where v_{ k }(i) is the voltage supply for resource r_{ i } at level k, k is the number of levels in the class s^{ i }, and f_{ k }(i) denotes the working frequency at the same level k, 0 ≤ f_{ k }(i) ≤ 1.
where γ = A × C is a intrinsic property for a given resource.
where v_{min}(i) and f_{min}(i) represent the voltage and frequency when resources r_{ i } transition to sleep mode in the idle time, respectively, and λ is the load factor of resources r_{ i }.
3.2 Makespan optimization
The makespan is the overall task completion time, which is the time difference between the start and end of a sequence of tasks on a resource [27]. Cloud computing deals with assigning computational tasks on a dynamic resource pool according to different requirements from a user request. The proposed makespan is the time that comprises overall task completion on resources including receiving, processing, and waiting time.
The proposed algorithm chooses the resources based on the least makespan.
3.3 Multiobjective optimization model
4 Improved clonal selection algorithm
Artificial immune systems (AIS) are computation tools that emulate processes and mechanisms of the biological immune system. The immune system is one of the most important biological mechanisms humans possess since our life depends on it [28]. The clonal selection theory has become a widely accepted model for how the immune system responds to infection and how certain types of B and T lymphocytes are selected for the destruction of specific antigens invading the body. Clonal selection algorithm (CSA) is a special class of immune algorithms which are inspired by the clonal selection theory to produce effective methods for search and optimization [29]. CSA was first proposed by de Castro and Von Zuben [30] and was later enhanced and named as CLONALG [31]. CSA is not only an adaptive parallel algorithm based on the clonal selection theory but also represents an intelligent exploitation of a heuristic search in a vast feasible solution space.
Once a new request for resource arrives, the system will run the ICSA to adjust the overall allocation of the resources. Before finding the best solution with the ICSA, we first change the mapping relationships between resources and tasks into a binary code as a set of initial population X(0). An individual ${\mathit{X}}_{\mathit{i}}^{\mathit{G}}$ is denoted as ${\mathit{X}}_{\mathit{i}}^{\mathit{G}}=\left({\mathit{x}}_{\mathit{i}1}^{\mathit{G}},{\mathit{x}}_{\mathit{i}2}^{\mathit{G}},\dots ,{\mathit{x}}_{\mathit{ip}}^{\mathit{G}}\right)$, where G denotes the current generation, i = 1, 2, …, s, and s denotes the population size.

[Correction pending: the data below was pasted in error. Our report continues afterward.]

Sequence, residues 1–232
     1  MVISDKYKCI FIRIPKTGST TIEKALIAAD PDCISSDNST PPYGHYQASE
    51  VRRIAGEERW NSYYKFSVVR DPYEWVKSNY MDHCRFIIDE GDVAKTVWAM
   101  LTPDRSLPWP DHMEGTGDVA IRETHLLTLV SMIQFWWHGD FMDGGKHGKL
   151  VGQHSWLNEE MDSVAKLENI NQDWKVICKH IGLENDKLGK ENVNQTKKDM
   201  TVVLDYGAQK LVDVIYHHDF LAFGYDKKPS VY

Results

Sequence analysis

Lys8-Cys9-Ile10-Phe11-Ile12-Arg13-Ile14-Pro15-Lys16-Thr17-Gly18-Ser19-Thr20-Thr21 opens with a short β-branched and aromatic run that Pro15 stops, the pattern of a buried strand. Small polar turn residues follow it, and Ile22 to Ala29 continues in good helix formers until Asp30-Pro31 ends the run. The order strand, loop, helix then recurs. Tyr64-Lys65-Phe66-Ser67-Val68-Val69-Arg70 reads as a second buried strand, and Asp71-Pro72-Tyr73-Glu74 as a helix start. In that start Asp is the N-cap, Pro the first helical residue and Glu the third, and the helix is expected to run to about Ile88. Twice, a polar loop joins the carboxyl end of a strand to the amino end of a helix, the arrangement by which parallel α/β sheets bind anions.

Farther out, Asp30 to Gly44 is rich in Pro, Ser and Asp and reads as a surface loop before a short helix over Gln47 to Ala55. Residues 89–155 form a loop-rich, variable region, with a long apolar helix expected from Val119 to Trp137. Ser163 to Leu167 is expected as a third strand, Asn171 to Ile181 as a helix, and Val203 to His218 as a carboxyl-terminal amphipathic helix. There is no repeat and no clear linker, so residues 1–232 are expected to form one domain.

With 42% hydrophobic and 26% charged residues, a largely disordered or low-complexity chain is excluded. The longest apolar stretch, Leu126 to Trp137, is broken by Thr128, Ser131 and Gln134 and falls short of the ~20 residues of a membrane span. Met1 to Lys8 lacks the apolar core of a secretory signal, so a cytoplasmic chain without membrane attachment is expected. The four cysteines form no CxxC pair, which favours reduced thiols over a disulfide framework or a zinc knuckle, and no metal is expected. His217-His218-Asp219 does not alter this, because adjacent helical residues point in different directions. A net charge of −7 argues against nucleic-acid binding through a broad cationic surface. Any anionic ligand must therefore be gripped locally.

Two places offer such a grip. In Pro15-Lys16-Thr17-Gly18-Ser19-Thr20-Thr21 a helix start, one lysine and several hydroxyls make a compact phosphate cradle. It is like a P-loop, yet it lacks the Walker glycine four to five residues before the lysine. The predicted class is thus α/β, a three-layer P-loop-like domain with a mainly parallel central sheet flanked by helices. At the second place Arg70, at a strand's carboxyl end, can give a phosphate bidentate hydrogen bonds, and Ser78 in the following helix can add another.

5 Simulation experiment
In this section, we analyze the performance of our algorithm based on the experimental results. In order to make it easier to test the algorithms, CloudSim [32] has been adopted in this work as an effective cloud computing simulation platform. Six physical machines have 8 GB RAM and 2 TB storage, and each machine has four CPUs that have a capacity power of 10,000 MIPS. A data center with 16 DVSenabled processors was used. For testing the effectiveness and superiority of the ICSA algorithm for resource allocation in cloud computing, the same conditions were used to compare with other existing resource allocation approaches such as the IDEA [15], EMLS [17], and DVS [19].
Response time is the amount of time taken between submission of a request and the first response that is produced [33, 34]. As shown in Figure 2, our proposed ICSA has the best response time performance compared to the other three algorithms. DVS and EMLS have relatively close response times, and the response time of IDEA increases significantly when the number of tasks increases in cloud computing environments. When the number of tasks is 200, the response time of ICGA is relatively minimal and its minimum value is close to 26.1 s. When the number of tasks is 400, the response time of ICGA is the smallest in most cases and its minimum value is close to 35.2 s. When the number of tasks is 500, the response time of ICGA is relatively minimal and its minimum value is close to 40.8 s. It is evident that ICSA is more efficient compared with the other three algorithms.It is clearly evident from Figure 3 that our proposed ICSA has better performance in terms of makespan compared to the other three algorithms. When the number of tasks in cloud computing environments is higher, the difference in makespan becomes more apparent. When the number of tasks is 200, the makespans of EMLS, IDEA, DVS, and ICSA are 365.8, 307.2, 354.6, and 291.3 s, respectively. When the number of tasks is 400, the makespans of EMLS, IDEA, DVS, and ICSA are 595.2, 577.6, 594.9, and 511.8 s, respectively. When the number of tasks is 500, the makespans of EMLS, IDEA, DVS, and ICSA are 874.8, 782.4, 890.1, and 732.3 s, respectively. Obviously, with the help of the ICSA approach, task execution time is minimal in the resource allocation process. It can be observed that ICSA can obtain the optimal solution accurately. Thus, we can decrease the computation complexity of traditional resource allocation algorithms and increase the overall performance.
Energy efficiency is one of the key technologies of resource allocation in cloud computing [35, 36]. When the lower utilization threshold increases, the energy consumption of the system is also rapidly reduced. The statistical analysis of the monthly energy consumption comparison of the four algorithms is illustrated in Figure 4c. It can be observed that there is a significant difference among the four resource allocation algorithms, and our proposed ICSA consumes the least energy in most cases.